Margaret Giannini, M.D., is director of the HHS Office on Disability. Dr. Giannini serves as advisor to the Secretary on HHS activities relating to disabilities. She is also a member of the Institute of Medicine of the National Academy of Sciences and fellow of the American Academy of Pediatrics.
Gail Houle, is associate division director of the Research-to-Practice Division, Early Childhood Programs, Office of Special Education Programs, Department of Education where she oversees programs for children with disabilities and their families funded through the Individual with Disabilities Education Act. Her expertise focuses on services for children with autism spectrum disorders.
Larke Huang is senior advisor on children and a licensed clinical-community psychologist who provides leadership on federal national policy pertaining to mental health and substance use issues for children, adolescents and families for the Substance Abuse and Mental Health Services Administration.
Thomas Insel, M.D., is director of the National Institute of Mental Health at NIH. The Institute's mission is to reduce the burden of mental illness and behavioral disorders through research on mind, brain, and behavior.
Story Landis is director of the National Institute of Neurological Disorders and Stroke at NIH. The Institute's focus is directed toward reducing the burden of neurological disease through research on the normal and diseased nervous system.
Cindy Lawler is scientific program director of the Cellular, Organs, and Systems Pathobiology Branch, Division of Extramural Research and Training, National Institute of Environmental Health Sciences at NIH. The Branch plans, directs, and evaluates the Institute's grant program that supports research and research training in environmental health.
Patricia Morrissey is commissioner of the Administration on Developmental Disabilities at the Administration for Children and Families, which seeks to improve services to and assure that individuals with developmental disabilities have opportunities to make their own choices, contribute to society, have supports to live independently, and are free of abuse, neglect, financial and sexual exploitation, and violations of their legal and human rights.
Edwin Trevathan, M.D., is director of the National Center on Birth Defects and Developmental Disabilities (NCBDDD) at CDC. NCBDDD is focused on identifying the causes of and preventing birth defects and developmental disabilities, helping children to develop and reach their full potential, and promoting health and well-being among people of all ages with disabilities. Dr. Trevathan is representing Julie Gerberding, M.D., M.P.H., director of the CDC, on the committee.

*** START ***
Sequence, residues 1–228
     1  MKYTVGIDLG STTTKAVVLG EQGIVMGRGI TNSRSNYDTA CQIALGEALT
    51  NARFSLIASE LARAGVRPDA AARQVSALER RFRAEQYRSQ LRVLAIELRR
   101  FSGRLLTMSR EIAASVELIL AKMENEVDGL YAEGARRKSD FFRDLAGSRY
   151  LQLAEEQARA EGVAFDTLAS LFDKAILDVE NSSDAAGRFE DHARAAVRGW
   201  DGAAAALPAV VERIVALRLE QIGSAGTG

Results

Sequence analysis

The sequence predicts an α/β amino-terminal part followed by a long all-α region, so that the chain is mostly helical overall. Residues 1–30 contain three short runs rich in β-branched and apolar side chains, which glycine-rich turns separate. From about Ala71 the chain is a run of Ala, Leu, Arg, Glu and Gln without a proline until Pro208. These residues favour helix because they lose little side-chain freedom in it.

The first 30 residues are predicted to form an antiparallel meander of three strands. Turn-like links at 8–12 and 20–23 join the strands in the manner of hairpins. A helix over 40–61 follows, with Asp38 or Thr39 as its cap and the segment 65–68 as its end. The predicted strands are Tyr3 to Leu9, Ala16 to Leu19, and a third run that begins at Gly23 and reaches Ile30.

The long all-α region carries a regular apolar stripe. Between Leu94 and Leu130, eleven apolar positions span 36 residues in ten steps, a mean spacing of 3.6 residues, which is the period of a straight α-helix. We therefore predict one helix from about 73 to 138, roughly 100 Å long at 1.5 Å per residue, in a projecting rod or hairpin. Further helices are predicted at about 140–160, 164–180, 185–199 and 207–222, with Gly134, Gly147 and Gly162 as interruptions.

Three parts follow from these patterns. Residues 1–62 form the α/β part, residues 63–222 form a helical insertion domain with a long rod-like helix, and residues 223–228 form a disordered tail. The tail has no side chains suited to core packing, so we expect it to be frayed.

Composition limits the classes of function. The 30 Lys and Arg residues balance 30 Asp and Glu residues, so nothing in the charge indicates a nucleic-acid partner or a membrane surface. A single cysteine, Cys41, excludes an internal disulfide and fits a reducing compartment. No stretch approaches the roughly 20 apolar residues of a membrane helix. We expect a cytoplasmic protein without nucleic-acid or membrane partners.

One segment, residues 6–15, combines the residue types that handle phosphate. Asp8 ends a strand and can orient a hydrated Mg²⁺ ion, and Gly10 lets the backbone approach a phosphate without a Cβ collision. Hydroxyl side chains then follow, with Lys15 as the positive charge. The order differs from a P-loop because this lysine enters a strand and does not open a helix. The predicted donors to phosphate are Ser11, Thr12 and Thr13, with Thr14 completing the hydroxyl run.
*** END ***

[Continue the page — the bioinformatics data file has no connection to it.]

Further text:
Peter van Dyck, M.D., M.P.H., is associate administrator of Maternal and Child Health at the Health Resources and Services Administration (HRSA). Dr. van Dyck oversees HRSA's Maternal and Child Health Bureau, which seeks to improve the health of mothers, children, and families, particularly those who are poor or lack access to care.
Elias Zerhouni, M.D., is director of the National Institutes of Health. A world renowned leader in the field of radiology and medicine, Dr. Zerhouni has spent his career providing clinical, scientific, and administrative leadership. He leads the nation's medical research agency and oversees the NIH's 27 Institutes and Centers with more than 18,000 employees.
Notes on This Panel from the Combating Autism Act
The law calls for the committee to meet at least twice a year, in public. Here's what the law says about its goals:
In carrying out its duties under this section, the Committee shall—
(1) develop and annually update a summary of advances in autism spectrum disorder research related to causes, prevention, treatment, early screening, diagnosis or rule out, intervention, and access to services and supports for individuals with autism spectrum disorder;
(2) monitor Federal activities with respect to autism spectrum disorder;
(3) make recommendations to the Secretary regarding any appropriate changes to such activities, including recommendations to the Director of NIH with respect to the strategic plan developed under paragraph (5);
(4) make recommendations to the Secretary regarding public participation in decisions relating to autism spectrum disorder;
(5) develop and annually update a strategic plan for the conduct of, and support for, autism spectrum disorder research, including proposed budgetary requirements; and
(6) submit to the Congress such strategic plan and any updates to such plan.
Related Stories on Autism Bulletin:
CDC Director Cites Autism as Urgent Concern
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National Institutes of Health Reorganizes Autism Research Program
Federal Research Grants Shows Intensified Effort to Find Autism Clues, Treatments, NIH Says